ISSUED JULY 2020
For an updated article (April 2021), see Ethics of Surrogacy During COVID-19 Pandemic.
In addition to the usual risks involved in cross-border surrogacy arrangements, the COVID-19 pandemic raises additional concerns and heightened risks for all parties involved. We urge those considering international surrogacy arrangements to avoid entering these arrangements at this time.
Surrogacy arrangements are affected by travel restrictions; shelter-in-place regulations; and challenges in accessing medical care for surrogates, egg providers, and babies. Some of these risks apply to domestic arrangements (within country) as well. Uncertain and changing circumstances in this period make it difficult to predict what conditions will be like over the course of an entire surrogacy relationship.
– Egg providers may face increased difficulties accessing health care before or after the egg retrieval procedure. Even before the pandemic, they routinely received minimal care for health complications related to hormonal stimulation with egg retrieval.
– Surrogates may face obstacles to prenatal, delivery, and post-partum care; curtailment of activities that would support their own and fetal health during pregnancy; possible requirements to move away from their families to the location where they will give birth; decreased ability to report violations; and other challenges.
– Babies may be stranded in their country of birth with intended parents unable to reach them due to travel restrictions and border closures. These babies could experience an emotional toll due to either the absence of a consistent caregiver with whom to bond, or challenges associated with separating from the initial caregiver and establishing a new bond with intended parents. Intended parents may be unable to bring babies home because of difficulties obtaining paperwork authorizing departure from the child’s country of birth or re-entry into their own country of residence. (Many government offices have been closed during the pandemic.)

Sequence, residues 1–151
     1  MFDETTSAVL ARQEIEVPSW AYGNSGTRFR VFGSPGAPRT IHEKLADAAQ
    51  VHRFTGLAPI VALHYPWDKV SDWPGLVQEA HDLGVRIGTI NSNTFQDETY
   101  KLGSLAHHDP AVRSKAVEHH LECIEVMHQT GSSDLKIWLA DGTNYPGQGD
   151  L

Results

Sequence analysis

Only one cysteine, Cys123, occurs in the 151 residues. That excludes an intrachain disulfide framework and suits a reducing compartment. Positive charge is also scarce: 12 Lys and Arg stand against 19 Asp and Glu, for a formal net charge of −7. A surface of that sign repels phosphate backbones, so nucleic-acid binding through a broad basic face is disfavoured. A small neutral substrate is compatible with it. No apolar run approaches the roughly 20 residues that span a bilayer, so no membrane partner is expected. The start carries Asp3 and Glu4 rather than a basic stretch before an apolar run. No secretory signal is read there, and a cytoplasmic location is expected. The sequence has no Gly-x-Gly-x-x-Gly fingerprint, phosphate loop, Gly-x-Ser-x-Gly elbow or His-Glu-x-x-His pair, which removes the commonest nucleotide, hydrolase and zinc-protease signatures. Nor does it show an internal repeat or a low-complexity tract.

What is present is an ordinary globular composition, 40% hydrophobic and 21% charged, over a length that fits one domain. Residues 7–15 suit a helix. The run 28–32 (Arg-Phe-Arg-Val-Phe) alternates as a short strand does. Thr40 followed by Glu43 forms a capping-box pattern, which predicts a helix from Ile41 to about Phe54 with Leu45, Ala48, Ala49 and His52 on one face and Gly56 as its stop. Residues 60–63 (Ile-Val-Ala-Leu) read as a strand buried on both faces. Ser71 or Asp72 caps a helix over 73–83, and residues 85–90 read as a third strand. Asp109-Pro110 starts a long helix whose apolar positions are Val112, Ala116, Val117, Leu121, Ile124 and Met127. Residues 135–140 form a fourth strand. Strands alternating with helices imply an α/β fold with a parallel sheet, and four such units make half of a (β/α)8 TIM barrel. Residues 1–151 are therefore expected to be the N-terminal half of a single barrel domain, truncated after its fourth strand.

– International surrogacy arrangements always involve a risk of difficulty in obtaining citizenship in intended parents’ home country, and may even be barred entirely from obtaining citizenship for their child. This risk is heightened during the pandemic.
In addition, surrogates, egg providers, and babies risk COVID-19 exposure in clinic settings, and intended parents and babies face exposure during travel. Some surrogates are not receiving payment on time, and some intended parents are incurring additional fees to care for their child while stranded, or to arrange travel to reach their child.
Unexpected situations may arise for all parties as clinics are affected by economic pressures, professional recommendations, and/or new or changing regulations. Potential concerns include temporary or permanent closures of clinics or services at any time (leading to disruption of care for surrogates and women undergoing egg retrieval, whether as egg providers or to use their own eggs with a surrogate); pressures on surrogates and egg providers to take health risks to speed up the process; and pressures on intended parents to make choices they otherwise might not make (for example, multiple embryo transfer).
Surrogates may be asked or pressured to care for a child when the intended parents are unable to travel, resulting in potential emotional and financial stress, unexpected bonding with the baby, and possibly difficulty handing over the baby when the intended parents arrive.
Jurisdictions are addressing surrogacy arrangements during the COVID-19 pandemic in different ways, some on a case-by-case basis, others prohibiting any entry into the country for extended periods. Changes are taking place all the time.
These myriad challenges, barriers, and unknowns in the current situation lead us to recommend against international surrogacy arrangements at this time.
For those who decide to go forward, we urge you to find out about the effects of the pandemic on contracts, arrangements, protocols, and regulations in countries where you are exploring surrogacy, and to know that unexpected changes are likely to arise.
Note that this advisory applies to intended parents considering surrogacy, or in surrogacy contracts where a pregnancy has not yet been initiated.